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French Press 101

Dinder1

Moderator Emeritus
Below is my method for making coffee in a French Press.

The tools:
French Press
Fresh coffee
Grinder
Timer
Long spoon for stirring. I prefer to use a bamboo stir stick.
Tea kettle.

Total brewing time will be four minutes.


Here is a simple way of measuring the coffee needed for your press.
Use two level tablespoons of ground coffee per 5-6 oz. of water used. If you are measuring whole beans (before grinding) use two heaping tablespoons per 5-6oz. of water.

Now it's time for the grind. I grind my coffee a couple of notches up (more coarse) from the cone filter setting.



Now I pre-wet the coffee by pouring water over the grounds until just covered, and start my timer. The water should be between 195-200f or about thirty seconds off boil.
At this time I also fill my coffee cup(s) 1/2 way with hot water so that it will nice and warm when I pour the coffee into it later.



At this point (if you have used freshly roasted coffee) the coffee will have expanded greatly.
Stir it well.



Now I fill the carafe about half full and stir.



Now I have filled the carafe to the top of the upper metal band and given it a final stir. Now I let it steep.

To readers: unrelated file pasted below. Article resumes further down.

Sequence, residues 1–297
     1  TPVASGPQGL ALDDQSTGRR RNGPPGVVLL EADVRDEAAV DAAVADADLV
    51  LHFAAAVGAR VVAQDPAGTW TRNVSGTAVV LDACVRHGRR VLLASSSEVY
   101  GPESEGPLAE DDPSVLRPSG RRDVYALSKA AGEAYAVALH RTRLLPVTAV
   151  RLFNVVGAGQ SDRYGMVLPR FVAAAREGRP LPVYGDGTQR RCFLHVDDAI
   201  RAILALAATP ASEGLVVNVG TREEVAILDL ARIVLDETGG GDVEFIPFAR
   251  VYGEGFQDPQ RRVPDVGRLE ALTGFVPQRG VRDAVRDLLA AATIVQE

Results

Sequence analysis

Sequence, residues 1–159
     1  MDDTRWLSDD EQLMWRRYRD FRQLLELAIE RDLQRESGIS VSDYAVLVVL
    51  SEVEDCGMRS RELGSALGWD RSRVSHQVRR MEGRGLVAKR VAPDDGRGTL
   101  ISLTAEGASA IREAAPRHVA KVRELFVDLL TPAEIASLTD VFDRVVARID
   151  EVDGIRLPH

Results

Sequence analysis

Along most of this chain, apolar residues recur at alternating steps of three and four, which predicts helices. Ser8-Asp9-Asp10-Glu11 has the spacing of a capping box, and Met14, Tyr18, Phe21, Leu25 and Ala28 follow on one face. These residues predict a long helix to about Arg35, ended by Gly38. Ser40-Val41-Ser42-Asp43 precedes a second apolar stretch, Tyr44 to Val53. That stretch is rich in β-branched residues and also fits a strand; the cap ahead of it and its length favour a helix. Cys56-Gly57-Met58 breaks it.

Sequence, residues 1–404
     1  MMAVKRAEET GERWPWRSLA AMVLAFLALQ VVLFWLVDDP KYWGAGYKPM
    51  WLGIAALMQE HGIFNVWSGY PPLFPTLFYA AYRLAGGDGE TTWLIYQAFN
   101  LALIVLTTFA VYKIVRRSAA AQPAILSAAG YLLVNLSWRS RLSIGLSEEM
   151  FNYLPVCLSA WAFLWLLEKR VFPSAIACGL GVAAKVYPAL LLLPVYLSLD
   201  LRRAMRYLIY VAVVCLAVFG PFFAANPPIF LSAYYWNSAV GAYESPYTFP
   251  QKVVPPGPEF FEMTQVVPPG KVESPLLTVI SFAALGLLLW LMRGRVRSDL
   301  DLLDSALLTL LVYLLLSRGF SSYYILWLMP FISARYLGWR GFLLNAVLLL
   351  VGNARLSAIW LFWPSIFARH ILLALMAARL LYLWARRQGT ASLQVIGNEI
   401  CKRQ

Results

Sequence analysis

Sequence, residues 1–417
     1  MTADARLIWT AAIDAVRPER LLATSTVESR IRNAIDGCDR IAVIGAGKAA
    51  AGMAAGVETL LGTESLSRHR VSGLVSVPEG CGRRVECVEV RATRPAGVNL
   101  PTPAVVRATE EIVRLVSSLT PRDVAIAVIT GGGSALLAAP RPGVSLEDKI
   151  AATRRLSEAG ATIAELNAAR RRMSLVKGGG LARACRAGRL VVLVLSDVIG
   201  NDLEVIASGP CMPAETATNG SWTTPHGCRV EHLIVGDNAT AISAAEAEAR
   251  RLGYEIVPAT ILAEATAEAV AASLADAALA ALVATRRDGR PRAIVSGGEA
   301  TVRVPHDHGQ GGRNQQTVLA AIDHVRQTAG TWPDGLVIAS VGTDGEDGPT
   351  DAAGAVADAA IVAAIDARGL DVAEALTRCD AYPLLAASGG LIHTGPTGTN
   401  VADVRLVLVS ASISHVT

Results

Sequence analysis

Now I use the last thirty seconds to SLOWLY plunge the coffee.



Now pour and enjoy!

 
Thank you! Thank you! I have received wonderful advice here, but this is a very concise, dare I say "idiot-proof" tutorial. This will be very helpful. Once I attempt to follow your instructions, then we'll know if they are indeed "idiot-proof". Again, thank you form your time and knowledge.

Rick

As an aside, what type of grinder do you use?
 
I gotta stupid question (total newbie)

At this time I also fill my coffee cup(s) 1/2 way with hot water so that it will nice and warm when I pour the coffee into it later.

Do you leave the hot water in the cup(s) when you pour the coffee to dilute it or do you pour out the water when you're ready to serve the coffee?
 
Do you leave the hot water in the cup(s) when you pour the coffee to dilute it or do you pour out the water when you're ready to serve the coffee?

You would discard the water in the cup(s) as it is only there to warm the cup(s). Then pour yourself some liquid love :001_rolle
 
Good job, but I have to take issue with one detail, which is how you measure the beans. My French Press is a Le Cafeteria model, which is not built the same. If I were to use the "bottom of the handle" method I would have way more beans in there than is needed.
 
Good job, but I have to take issue with one detail, which is how you measure the beans. My French Press is a Le Cafeteria model, which is not built the same. If I were to use the "bottom of the handle" method I would have way more beans in there than is needed.
DJ: I put three measures (blue SCAA scoop) of roasted coffee beans into my grinder (this is for an 8-cup/32oz Bodum French-press), and (ultimately) fill the press with just-off-boiling water up to the bottom of the handle-band at the top of the carafe.